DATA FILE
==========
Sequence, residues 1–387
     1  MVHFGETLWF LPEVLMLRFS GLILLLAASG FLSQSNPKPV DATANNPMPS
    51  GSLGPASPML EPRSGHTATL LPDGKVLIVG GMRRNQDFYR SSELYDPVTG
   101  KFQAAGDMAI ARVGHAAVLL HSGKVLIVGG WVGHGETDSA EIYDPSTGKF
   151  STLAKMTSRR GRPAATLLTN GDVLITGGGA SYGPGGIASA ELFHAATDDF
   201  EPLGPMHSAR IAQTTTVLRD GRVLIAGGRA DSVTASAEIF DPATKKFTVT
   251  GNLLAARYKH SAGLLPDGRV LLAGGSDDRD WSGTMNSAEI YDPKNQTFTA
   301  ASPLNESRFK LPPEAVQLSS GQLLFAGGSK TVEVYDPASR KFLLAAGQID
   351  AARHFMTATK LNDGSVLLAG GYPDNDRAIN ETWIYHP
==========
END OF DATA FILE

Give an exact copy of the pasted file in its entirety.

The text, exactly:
Sequence, residues 1–387
     1  MVHFGETLWF LPEVLMLRFS GLILLLAASG FLSQSNPKPV DATANNPMPS
    51  GSLGPASPML EPRSGHTATL LPDGKVLIVG GMRRNQDFYR SSELYDPVTG
   101  KFQAAGDMAI ARVGHAAVLL HSGKVLIVGG WVGHGETDSA EIYDPSTGKF
   151  STLAKMTSRR GRPAATLLTN GDVLITGGGA SYGPGGIASA ELFHAATDDF
   201  EPLGPMHSAR IAQTTTVLRD GRVLIAGGRA DSVTASAEIF DPATKKFTVT
   251  GNLLAARYKH SAGLLPDGRV LLAGGSDDRD WSGTMNSAEI YDPKNQTFTA
   301  ASPLNESRFK LPPEAVQLSS GQLLFAGGSK TVEVYDPASR KFLLAAGQID
   351  AARHFMTATK LNDGSVLLAG GYPDNDRAIN ETWIYHP